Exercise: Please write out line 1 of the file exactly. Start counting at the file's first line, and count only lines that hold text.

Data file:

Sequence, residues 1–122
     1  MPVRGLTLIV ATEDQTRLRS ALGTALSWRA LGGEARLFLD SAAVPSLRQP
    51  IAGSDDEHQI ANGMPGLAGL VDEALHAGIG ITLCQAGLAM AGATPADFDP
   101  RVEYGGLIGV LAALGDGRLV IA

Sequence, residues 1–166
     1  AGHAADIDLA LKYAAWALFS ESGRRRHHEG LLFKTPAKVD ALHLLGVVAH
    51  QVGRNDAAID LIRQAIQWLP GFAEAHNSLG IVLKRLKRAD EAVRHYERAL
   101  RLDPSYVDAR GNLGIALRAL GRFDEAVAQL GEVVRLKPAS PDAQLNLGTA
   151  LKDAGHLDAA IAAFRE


Sequence, residues 1–122